history

The Legend of Bonnie and Clyde

The Legend of Bonnie and Clyde

On May 23, 1934, the American robbers Bonnie and Clyde are ambushed by police and killed in Black Lake, Louisiana. Bonnie Elizabeth Parker and Clyde Chestnut Barrow became American pop folklore as outlaws and robbers when traveling the central United States with their gang during the Great Depression. Bonnie Elizabeth Parker got married to Roy Thornton shortly after they had dropped out of high school. The marriage was not considered as happy and they…
Read more
The Secrets of the mysterious Voynich Manuscript

The Secrets of the mysterious Voynich Manuscript

In 1912, Polish-born antiquarian and bibliophile Wilfrid Voynich bought a mysterious illustrated codex hand-written in an unknown writing system that may have been composed in Northern Italy during the Italian Renaissance. The eponymous Voynich manuscript has been studied by many professional and amateur cryptographers, but no one has yet succeeded in deciphering the text. Therefore, it has become a famous case in the history of cryptography. The manuscript counts about 240 pages in…
Read more
Thomas Blood and the Crown Jewels of England

Thomas Blood and the Crown Jewels of England

On May 9, 1671, Anglo-Irish officer and desperado Colonel Thomas Blood attempted to steal the Crown Jewels of England from the Tower of London. Not much is known about Thomas Blood’s early life. It is assumed that he was born to a successful blacksmith in Ireland. His father owned some land across the country and his grandfather was a member of the Parliament. Historians believe, that he went to England with the…
Read more
Samuel Johnson and his Famous Dictionary

Samuel Johnson and his Famous Dictionary

On April 15, 1755, after nine years of intensive labor, Samuel Johnson publishes his “Dictionary of the English Language”, sometimes published as Johnson‘s Dictionary. It is among the most influential dictionaries in the history of the English language. Samuel Johnson showed signs of great intelligence quite early and his parents decided to start his educational program, when he was only three years old. At the age of nine, he was already promoted…
Read more
Hachiko – the Most Famous Dog of Japan

Hachiko – the Most Famous Dog of Japan

On March 8, 1935, Hachiko, a famous Japanese Akita dog passed away, remembered for his remarkable loyalty to his owner, even many years after his owner’s death. In 1924, Hidesaburo Ueno, a professor in the agriculture department at the University of Tokyo, took in Hachiko, a golden brown Akita, as a pet. During his owner’s life, Hachiko greeted him at the end of each day at the nearby Shibuya Station. The two…
Read more
Frederick II – The “Wonder of the World”

Frederick II – The “Wonder of the World”

Frederick II (1194 – 1250) On December 26, 1194, Frederick II, one of the most powerful Holy Roman Emperors of the Middle Ages and head of the House of Hohenstaufen was born. Speaking six languages (Latin, Sicilian, German, French, Greek and Arabic), Frederick was an avid patron of science and the art, called by a contemporary chronicler stupor mundi (the wonder of the world). In 1196, the only two year old Frederick…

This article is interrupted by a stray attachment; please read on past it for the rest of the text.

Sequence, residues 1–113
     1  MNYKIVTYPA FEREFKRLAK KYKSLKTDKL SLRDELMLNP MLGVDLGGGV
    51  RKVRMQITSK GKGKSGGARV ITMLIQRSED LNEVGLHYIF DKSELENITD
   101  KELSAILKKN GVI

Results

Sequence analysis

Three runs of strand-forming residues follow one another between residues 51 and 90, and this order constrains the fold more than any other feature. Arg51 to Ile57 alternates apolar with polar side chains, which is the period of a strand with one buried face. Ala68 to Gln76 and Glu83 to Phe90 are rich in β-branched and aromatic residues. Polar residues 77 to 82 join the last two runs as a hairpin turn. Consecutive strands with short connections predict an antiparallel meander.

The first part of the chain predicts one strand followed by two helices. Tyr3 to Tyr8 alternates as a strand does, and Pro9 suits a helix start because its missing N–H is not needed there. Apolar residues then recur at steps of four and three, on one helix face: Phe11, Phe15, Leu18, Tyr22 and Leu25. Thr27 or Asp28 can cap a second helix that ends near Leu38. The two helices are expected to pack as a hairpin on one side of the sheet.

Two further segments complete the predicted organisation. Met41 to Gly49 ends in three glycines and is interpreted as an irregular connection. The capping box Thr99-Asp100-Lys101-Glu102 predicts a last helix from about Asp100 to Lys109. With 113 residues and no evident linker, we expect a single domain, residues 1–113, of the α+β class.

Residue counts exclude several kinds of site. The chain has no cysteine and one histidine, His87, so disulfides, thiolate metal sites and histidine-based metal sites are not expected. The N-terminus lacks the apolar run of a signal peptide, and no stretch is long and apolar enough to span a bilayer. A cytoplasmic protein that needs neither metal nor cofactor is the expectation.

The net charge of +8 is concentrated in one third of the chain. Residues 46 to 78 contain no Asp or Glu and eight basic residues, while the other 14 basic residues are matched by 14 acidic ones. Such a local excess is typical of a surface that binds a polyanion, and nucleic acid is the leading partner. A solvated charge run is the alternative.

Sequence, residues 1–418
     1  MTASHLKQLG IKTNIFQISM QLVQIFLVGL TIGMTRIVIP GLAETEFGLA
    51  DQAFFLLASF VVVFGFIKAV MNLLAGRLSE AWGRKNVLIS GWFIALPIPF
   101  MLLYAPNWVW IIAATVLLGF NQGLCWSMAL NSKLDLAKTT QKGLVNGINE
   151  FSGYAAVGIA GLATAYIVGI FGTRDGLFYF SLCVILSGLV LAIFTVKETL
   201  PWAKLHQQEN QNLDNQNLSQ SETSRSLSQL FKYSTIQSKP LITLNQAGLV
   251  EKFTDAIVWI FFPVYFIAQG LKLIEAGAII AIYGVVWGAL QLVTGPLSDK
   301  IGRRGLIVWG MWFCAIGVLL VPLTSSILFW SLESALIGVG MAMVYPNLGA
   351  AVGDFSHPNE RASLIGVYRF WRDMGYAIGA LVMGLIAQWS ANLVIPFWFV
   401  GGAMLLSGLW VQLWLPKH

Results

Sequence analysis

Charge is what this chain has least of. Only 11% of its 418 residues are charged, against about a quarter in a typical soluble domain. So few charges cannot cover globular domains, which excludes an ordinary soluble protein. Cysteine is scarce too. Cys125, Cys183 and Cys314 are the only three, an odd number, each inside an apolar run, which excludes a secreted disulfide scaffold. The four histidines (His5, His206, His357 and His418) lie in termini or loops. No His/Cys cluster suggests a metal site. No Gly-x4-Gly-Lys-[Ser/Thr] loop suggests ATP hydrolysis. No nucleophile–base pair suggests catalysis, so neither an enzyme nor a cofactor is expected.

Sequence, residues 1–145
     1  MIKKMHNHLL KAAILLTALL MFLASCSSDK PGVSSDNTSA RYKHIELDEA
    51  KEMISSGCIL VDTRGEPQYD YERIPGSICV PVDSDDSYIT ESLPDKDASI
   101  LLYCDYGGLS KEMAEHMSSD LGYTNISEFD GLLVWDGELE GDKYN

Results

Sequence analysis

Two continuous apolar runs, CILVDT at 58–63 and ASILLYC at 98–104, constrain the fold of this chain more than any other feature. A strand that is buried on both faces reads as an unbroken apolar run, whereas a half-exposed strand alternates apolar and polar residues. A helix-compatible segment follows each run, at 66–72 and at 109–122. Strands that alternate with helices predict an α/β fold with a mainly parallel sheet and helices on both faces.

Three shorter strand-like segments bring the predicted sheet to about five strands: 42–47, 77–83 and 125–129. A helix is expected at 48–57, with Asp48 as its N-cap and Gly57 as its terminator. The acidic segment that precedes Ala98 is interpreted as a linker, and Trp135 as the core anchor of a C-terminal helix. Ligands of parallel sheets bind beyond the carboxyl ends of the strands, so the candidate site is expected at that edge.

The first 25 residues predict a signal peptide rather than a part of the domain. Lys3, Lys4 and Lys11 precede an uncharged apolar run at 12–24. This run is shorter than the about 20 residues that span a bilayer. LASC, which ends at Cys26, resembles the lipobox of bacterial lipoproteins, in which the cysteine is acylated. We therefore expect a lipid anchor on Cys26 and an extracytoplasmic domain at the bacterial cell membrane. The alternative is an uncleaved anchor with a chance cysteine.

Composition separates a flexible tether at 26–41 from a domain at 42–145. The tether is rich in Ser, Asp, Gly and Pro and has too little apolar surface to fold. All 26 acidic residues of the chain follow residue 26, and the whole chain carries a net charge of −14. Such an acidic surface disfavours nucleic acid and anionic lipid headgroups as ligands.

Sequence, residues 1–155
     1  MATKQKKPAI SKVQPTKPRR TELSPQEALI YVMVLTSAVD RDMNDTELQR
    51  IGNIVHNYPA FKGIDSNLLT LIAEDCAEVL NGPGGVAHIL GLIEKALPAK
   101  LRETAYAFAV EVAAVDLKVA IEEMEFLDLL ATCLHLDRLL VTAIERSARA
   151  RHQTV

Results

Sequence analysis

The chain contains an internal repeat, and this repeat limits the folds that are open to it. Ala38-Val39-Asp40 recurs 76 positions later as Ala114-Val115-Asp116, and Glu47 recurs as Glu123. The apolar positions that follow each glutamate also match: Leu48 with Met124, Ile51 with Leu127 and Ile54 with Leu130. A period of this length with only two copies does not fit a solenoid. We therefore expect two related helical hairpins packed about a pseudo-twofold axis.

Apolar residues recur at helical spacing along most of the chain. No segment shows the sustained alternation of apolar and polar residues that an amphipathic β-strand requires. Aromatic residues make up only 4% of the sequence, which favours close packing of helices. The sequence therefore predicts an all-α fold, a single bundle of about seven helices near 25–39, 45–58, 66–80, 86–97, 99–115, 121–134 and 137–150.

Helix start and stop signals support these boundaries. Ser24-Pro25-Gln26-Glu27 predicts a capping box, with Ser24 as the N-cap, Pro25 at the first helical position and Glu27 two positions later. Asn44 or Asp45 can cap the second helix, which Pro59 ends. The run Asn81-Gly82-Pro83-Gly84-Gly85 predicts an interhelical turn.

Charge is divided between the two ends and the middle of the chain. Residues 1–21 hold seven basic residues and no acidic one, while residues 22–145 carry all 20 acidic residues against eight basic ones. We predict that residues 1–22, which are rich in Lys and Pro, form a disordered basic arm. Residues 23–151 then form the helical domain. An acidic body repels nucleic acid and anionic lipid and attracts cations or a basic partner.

Read more
When Money Buys Little – the Hyperinflation of the Weimar Republic

When Money Buys Little – the Hyperinflation of the Weimar Republic

Mid November 1923, the Hyperinflation of the Weimar Republic reached its peak. Due to Germany’s obligation to pay large reparations after World War I, a hyperinflation was induced reaching its peak in November 1923, when the American dollar was worth 4,210,500,000,000 German marks. Prehistory Shortly after the beginning of the First World War on August 4, 1914, the German Reich government abolished the Reichsbank’s legal obligation to redeem gold notes. In addition, the…
Read more
Charles Martell and the Battle of Tours and Poitiers

Charles Martell and the Battle of Tours and Poitiers

Charles Martel (718-748)from “Promptuarii Iconum Insigniorum” (1553) On October 25, 732 AD, the Battle of Tours and Poitiers between the united Frankish and Burgundian forces under Austrasian Mayor of the Palace Charles Martel, against an army of the Umayyad Caliphate led by Abdul Rahman Al Ghafiqi, Governor-General of al-Andalus, ended the Islamic expansion era in Europe. It is argued among historians that Charles Martel’s victory was one of the most important events…
Read more
Johann Friedrich Struensee – A Royal Affair

Johann Friedrich Struensee – A Royal Affair

Johann Friedrich Struensee(1735 – 1772) On August 5, 1735, German physician Johann Friedrich Struensee was born. He became royal physician to the mentally ill King Christian VII of Denmark and a minister in the Danish government, where he tried to carry out widespread reforms. His affair with Queen Caroline Matilda caused his downfall and dramatic death. Johann Friedrich Struensee was born in Halle, Prussia and started his career as a doctor in…
Read more
Eugene Vidocq – The Father of Criminology

Eugene Vidocq – The Father of Criminology

Eugène François Vidocq(1775 – 1857) During the night of 23 to 24 July 1775, French criminal and criminalist Eugene Vidocq was born. Vidocq is considered the world’s first private detective and father of modern criminology. His life story inspired several writers, including Victor Hugo and Honoré de Balzac. Surprisingly, the later criminalist had a pretty turbulent childhood and youth. He stole his parent’s silverware at the age of 13 and was sent…
Read more
Relation Browser
Timeline
0 Recommended Articles:
0 Recommended Articles: